Constitutional court finds no flaws in stiff rules against tobacco

The Sala IV constitutional court decided that there are no legal flaws in a new law to control the use of tobacco. The decision opens the way for President Laura Chinchilla to sign the measure.

The anti-tobacco law already received a second and final vote in the legislature.

However, that may not be the last word. Philip Morris, the tobacco firm, has dragged the country of Uruguay into international arbitration over a similar law. The tobacco firm said that the law is damaging its profits and that a rule to cover up part of its logo with grim graphics deprives it of its property.

Uruguay has the support of many countries and also of New York Michael Bloomberg.

The outcome of the arbitration case will have an effect on Costa Rica as well as any other country that has subscribed to the World Health Organizations anti-tobacco treaty.

The decision by the Sala IV was anticipated because the same body gave approval to the anti-tobacco treaty in 2008. The law closely follows that document and prohibits smoking in public places and places of public accommodation, like restaurants.

The proposed law, as reported in the past, also prohibits smoking in bars, offices, shopping centers, public and private
schools, automatic tellers, workplaces and at bus and taxi stops.
The proposed law also prohibits advertising related to tobacco products. And cigarette packages have to have 50 percent of the outside space dedicated to health messages.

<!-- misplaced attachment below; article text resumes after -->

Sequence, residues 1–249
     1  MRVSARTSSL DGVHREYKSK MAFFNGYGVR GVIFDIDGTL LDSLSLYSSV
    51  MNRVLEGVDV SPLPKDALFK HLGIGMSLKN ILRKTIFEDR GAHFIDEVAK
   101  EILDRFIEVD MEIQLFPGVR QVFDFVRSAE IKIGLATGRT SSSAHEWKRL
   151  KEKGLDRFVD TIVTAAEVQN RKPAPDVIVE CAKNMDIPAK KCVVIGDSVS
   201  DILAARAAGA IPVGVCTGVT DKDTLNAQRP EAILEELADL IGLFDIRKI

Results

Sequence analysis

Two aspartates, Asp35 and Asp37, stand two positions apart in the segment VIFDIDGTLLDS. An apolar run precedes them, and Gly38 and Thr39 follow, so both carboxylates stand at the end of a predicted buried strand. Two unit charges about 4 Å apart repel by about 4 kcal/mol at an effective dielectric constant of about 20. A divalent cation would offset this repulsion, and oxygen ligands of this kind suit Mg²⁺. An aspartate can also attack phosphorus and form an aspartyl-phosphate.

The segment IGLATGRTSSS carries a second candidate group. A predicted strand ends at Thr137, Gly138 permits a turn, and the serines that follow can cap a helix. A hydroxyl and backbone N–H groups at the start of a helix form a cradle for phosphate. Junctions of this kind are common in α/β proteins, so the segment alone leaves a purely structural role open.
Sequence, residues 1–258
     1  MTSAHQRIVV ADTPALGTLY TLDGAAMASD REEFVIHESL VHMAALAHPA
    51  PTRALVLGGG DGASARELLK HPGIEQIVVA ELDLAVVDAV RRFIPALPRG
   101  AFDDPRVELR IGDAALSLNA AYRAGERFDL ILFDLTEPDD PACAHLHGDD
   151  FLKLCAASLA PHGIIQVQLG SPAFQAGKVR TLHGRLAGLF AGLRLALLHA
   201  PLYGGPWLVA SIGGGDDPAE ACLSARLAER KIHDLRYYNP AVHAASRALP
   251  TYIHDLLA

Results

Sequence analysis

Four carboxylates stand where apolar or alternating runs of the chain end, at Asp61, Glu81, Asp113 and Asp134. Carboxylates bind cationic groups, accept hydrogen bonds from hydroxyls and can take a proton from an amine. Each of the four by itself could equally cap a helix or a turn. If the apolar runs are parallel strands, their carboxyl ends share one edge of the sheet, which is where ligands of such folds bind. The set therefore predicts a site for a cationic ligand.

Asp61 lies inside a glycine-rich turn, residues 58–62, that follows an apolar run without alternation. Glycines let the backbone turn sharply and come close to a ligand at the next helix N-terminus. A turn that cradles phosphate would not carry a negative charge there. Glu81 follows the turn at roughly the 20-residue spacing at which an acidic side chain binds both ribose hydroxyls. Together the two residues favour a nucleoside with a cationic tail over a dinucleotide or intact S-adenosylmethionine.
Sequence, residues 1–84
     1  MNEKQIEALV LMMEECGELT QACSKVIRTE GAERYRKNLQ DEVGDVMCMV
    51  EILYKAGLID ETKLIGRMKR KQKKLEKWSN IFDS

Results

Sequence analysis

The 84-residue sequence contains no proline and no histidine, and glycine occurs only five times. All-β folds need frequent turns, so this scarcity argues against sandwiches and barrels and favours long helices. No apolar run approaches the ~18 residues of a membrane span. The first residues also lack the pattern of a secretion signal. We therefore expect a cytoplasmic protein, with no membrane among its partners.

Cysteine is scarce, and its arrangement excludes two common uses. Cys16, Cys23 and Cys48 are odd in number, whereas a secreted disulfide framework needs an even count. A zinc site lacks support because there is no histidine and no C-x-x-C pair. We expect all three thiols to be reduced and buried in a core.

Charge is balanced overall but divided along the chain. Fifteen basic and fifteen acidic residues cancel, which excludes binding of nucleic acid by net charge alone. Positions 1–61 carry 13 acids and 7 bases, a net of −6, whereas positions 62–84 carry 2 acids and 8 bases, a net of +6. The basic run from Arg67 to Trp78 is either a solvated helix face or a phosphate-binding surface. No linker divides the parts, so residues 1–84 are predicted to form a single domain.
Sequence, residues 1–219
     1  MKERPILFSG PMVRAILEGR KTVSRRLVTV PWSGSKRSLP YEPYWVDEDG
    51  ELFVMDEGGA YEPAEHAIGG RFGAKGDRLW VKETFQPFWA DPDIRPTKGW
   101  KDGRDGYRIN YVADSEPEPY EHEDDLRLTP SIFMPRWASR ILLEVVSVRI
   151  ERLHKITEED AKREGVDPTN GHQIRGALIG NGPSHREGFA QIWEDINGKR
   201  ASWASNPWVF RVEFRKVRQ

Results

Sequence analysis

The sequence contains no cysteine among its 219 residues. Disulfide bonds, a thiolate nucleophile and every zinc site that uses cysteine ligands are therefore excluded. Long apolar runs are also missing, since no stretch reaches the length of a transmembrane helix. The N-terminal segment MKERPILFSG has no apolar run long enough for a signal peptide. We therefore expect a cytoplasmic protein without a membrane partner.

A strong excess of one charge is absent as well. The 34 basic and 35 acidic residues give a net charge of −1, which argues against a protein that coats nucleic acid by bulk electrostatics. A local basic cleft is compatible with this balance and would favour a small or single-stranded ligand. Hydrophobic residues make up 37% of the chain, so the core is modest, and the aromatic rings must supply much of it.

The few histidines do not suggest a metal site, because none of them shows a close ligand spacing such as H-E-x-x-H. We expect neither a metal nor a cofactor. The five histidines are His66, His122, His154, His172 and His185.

Also prohibited is the Costa Rican tradition of selling cigarettes one at a time. This is common at vendor stands in urban areas. When the measure goes into effect, the minimum purchase will be 10 cigarettes.

The measure also provides for health services to help those addicted to tobacco.

The measure also imposes a special tobacco tax, which is 20 colons for each cigarette, cigar or other type of tobacco. Some 60 percent of the tax will go to the Caja Costarricense de Seguro Social to support anti-tobacco programs and cancer treatments. Some 20 percent will go to the Ministerio de Salud to support its obligations under the law. And 15 percent is earmarked for the Instituto sobre Alcoholismo y Farmacodependencia. The Instituto Costarricense del Deportes y la Recreación gets 5 percent.

The average citizen or resident who is caught smoking in a prohibited place will face a fine as will operators of businesses who allow smoking.

However, the law does not go into effect immediately. The government has six months after the president signs the bill to draw up regulations. Then businesses and tobacco distributors have a year to conform.

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